Vista crippled by content protection

PC users around the globe may find driver software is stopped from working by Vista if it detects unauthorised content access, claims a new report.

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PC users around the globe may find driver software is stopped from working by Vista if it detects unauthorised content access, claims a new report.

Peter Guttman, a security engineering researcher at New Zealand's university of Auckland, has written A Cost Analysis of Windows Vista Content Protection. He believes Vista is trying to achieve the impossible by protecting access to premium content. Users will find their PCs' compromised by the persistent and continuous content access checks carried out by Microsoft’s latest operating system (OS).

Guttman thinks these checks and the associated increase in multimedia card hardware costs make Vista's content protection specification “the longest suicide note in history”.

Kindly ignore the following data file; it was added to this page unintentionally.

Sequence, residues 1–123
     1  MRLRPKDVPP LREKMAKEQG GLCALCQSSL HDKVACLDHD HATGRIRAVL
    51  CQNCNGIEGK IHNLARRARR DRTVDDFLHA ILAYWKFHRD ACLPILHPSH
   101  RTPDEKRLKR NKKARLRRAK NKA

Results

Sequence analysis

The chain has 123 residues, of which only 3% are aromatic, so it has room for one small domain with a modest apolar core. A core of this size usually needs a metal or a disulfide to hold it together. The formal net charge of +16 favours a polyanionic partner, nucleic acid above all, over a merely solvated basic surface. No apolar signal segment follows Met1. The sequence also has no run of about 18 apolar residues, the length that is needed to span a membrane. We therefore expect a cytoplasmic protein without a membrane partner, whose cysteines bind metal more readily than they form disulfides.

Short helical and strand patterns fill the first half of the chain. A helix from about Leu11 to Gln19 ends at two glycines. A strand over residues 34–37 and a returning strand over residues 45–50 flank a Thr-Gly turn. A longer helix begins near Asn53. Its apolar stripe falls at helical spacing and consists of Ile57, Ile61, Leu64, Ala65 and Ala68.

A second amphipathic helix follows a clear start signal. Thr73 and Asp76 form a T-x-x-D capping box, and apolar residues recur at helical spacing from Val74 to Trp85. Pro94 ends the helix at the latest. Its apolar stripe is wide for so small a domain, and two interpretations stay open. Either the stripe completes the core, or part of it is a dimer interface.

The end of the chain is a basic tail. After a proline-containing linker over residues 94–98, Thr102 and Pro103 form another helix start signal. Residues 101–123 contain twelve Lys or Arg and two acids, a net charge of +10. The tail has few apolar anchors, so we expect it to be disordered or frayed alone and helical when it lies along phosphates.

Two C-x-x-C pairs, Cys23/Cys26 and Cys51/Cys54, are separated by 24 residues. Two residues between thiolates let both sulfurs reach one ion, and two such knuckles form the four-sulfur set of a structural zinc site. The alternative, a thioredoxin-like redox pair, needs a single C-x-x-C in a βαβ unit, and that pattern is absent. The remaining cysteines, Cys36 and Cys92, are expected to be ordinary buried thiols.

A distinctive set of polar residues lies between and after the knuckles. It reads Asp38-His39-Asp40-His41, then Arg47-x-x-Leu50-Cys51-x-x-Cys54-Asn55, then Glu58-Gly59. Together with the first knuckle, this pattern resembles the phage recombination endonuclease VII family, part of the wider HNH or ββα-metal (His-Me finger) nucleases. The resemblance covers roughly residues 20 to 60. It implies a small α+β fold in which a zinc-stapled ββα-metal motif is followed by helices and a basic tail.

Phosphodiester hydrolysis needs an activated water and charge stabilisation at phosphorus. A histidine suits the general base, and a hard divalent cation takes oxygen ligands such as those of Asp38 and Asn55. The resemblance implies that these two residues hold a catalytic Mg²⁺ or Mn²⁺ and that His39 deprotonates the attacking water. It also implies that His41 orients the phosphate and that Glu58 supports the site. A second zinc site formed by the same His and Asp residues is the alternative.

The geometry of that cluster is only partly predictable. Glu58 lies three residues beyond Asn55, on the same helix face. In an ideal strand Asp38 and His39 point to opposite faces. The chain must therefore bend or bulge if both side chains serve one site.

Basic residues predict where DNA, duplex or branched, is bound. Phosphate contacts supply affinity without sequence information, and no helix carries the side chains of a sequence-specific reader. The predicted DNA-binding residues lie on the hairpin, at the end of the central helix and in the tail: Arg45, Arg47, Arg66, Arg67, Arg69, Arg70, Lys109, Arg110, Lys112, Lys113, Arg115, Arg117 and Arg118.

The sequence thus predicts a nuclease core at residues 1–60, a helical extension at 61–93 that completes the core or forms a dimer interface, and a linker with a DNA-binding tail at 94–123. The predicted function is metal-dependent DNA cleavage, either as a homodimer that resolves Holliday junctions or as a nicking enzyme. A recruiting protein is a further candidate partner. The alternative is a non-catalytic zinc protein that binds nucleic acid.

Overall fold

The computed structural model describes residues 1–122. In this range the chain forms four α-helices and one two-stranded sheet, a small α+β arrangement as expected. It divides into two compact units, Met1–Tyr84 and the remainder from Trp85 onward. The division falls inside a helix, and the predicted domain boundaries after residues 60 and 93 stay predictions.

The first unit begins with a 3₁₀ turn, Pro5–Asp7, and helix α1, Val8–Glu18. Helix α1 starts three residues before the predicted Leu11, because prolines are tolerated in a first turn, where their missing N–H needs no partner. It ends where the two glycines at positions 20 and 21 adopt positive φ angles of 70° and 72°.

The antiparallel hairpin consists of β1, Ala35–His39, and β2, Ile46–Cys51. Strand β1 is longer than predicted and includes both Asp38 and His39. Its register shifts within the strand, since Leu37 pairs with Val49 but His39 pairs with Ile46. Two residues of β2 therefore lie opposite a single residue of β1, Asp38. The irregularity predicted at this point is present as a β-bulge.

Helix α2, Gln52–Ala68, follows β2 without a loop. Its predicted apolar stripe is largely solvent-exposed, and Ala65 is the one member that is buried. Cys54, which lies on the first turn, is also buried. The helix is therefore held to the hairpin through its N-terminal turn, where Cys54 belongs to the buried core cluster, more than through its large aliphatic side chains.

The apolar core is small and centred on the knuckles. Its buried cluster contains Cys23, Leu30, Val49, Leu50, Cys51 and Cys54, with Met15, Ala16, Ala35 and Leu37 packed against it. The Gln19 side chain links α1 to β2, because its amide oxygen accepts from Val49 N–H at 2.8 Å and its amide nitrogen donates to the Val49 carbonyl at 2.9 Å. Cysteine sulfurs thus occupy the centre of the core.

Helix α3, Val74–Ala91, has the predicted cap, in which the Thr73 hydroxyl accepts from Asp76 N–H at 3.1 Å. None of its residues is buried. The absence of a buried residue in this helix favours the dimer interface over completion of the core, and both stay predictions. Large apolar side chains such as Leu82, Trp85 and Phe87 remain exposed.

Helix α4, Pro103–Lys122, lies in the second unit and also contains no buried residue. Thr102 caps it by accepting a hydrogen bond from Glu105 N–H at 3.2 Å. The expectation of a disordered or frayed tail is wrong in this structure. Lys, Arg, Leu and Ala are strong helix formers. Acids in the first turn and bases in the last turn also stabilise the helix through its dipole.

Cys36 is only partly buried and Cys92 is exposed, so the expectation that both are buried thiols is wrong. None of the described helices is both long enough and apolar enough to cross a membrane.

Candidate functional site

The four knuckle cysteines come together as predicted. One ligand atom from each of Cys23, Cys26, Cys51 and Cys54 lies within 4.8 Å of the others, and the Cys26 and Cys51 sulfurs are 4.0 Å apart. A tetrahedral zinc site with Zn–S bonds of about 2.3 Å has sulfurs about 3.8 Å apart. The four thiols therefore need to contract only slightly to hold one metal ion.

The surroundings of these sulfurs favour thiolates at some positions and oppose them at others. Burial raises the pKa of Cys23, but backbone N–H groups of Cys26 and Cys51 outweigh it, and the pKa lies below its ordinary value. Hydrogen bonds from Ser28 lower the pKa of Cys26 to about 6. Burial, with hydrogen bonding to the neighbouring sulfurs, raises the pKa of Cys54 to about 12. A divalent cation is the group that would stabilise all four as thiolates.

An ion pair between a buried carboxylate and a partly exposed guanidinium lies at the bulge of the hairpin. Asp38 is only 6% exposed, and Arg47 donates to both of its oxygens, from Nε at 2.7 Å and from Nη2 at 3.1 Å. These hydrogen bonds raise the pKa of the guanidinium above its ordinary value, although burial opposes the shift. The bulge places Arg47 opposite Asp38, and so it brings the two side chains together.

The core elements in Vista have been designed to protect access to premium content. The design requires changes in multimedia cards before Microsoft will support them for Vista use.

Content that is protected by digital rights management (DRM) must be sent across protected interfaces. This means cards using non-protected interfaces can't be used by Vista PCs.

The report also pointed to a number of features the stringent Vista content protection measures can disable and degrade on a PC.

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